About this time a small weekly newsletter called Resort Chat was published. Filled with concert schedules, arrivals and departures of guests, gossip and advertising, it presented a picture of Waukesha’s Springs Era at its height. The Arcadian Spring advertised and was featured prominently in these papers. One such advertisement appeared in the September 9, 1899 issue. It showed a picture of the park and of a bottle of Ginger Ale. Besides mentioning the usual things about Arcadian, it also mentioned a new product, Arcadian Whild (sic) Cherry Phosphate, the “Ideal Summer Beverage” with “nothing in it which can in any way be injurious.” Another advertisement was set in the manner of an official court summons, inviting the defendant to appear at the bottling plant for a free sample of Arcadian Ginger Ale.
     In 1901, J. M. Stewart was replaced by A. S. Lehman as vice-president of Arcadian.
     The 1901 Sanborn Fire Insurance Map showed that a night watchman had been added and that the heat was provided by steam and stoves. The lights had been converted to gas.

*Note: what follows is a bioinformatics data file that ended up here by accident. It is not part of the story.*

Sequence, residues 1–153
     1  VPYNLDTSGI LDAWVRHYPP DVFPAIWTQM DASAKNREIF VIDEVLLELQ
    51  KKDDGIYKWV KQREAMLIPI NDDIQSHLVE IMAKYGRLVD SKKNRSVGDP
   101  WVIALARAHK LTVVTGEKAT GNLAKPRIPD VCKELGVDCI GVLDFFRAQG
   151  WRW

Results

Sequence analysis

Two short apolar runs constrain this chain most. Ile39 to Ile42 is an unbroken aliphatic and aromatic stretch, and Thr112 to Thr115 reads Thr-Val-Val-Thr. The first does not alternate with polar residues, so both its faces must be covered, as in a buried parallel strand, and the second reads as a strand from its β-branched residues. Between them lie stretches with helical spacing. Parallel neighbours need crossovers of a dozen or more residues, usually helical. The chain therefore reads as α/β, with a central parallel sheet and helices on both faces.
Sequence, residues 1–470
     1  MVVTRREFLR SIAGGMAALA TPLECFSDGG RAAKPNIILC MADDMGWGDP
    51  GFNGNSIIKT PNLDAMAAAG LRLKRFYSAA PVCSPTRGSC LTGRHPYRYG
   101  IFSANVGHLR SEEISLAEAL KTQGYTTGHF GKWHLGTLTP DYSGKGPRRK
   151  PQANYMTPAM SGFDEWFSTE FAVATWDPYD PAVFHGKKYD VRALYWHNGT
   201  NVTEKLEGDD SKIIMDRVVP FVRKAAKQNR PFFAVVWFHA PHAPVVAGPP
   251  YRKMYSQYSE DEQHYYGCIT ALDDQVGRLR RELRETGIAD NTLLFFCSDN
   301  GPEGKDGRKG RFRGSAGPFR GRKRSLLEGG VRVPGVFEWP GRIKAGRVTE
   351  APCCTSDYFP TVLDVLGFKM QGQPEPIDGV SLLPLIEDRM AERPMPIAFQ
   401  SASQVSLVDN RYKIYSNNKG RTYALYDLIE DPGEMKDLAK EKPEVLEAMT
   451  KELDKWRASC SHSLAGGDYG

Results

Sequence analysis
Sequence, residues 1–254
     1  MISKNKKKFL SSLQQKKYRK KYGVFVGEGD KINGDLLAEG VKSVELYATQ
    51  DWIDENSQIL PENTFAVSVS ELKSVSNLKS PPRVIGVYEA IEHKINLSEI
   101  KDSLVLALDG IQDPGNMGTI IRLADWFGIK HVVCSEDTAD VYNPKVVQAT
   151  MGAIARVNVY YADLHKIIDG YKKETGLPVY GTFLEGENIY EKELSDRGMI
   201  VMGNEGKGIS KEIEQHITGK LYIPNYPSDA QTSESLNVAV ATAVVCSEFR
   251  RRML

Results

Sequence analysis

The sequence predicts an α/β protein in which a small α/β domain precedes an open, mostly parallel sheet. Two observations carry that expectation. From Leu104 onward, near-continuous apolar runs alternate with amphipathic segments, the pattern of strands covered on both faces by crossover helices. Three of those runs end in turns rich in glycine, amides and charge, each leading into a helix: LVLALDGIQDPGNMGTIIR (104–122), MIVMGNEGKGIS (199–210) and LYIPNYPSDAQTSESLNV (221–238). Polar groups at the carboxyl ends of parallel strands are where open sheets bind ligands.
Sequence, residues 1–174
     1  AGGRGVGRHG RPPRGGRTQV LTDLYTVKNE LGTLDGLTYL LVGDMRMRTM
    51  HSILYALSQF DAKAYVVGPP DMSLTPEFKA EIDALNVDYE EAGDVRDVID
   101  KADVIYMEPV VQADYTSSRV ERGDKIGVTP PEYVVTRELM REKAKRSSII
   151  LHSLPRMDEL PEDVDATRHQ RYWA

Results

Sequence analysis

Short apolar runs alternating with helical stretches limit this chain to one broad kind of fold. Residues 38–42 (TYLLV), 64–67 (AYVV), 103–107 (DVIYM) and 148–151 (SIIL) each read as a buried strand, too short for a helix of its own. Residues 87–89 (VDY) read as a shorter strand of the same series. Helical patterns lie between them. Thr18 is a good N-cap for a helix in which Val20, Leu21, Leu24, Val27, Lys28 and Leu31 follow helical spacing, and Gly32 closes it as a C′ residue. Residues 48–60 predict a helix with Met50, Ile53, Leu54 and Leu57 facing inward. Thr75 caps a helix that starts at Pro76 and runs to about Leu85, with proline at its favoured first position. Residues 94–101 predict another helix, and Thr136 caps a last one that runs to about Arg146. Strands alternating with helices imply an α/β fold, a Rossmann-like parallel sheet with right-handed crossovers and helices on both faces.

The 1907 Memoirs of Waukesha County mentioned that the capacity of the plant was 1 1/2 carloads of product per day. Henry Phelps, manager of the plant, kept the twenty employees busy. Arcadian products were shipped to all parts of the United States, England and Canada. An advertisement placed in the Cosmopolitan magazine of that year stated that on August 1st, the company introduced a new label.     This was a die cut label and featured the beautiful water goddess Diana, drinking water from a clam shell.
    On November 22, 1907, the Waukesha Arcadian Co. was officially registered with the United States Patent Office, and the serial number 31, 302 was published January 28, 1908.
     The 1909 city directory showed that Fred’s wife, A. L. Phelps, had become vice-president of the company. This continued in 1911, 1913, 1915, and 1917.
     The 1911 Sanborn showed that electric lights were added to the plant. The plant itself remained remarkably the same throughout the years. The only improvements seemed to be on the interior of the building.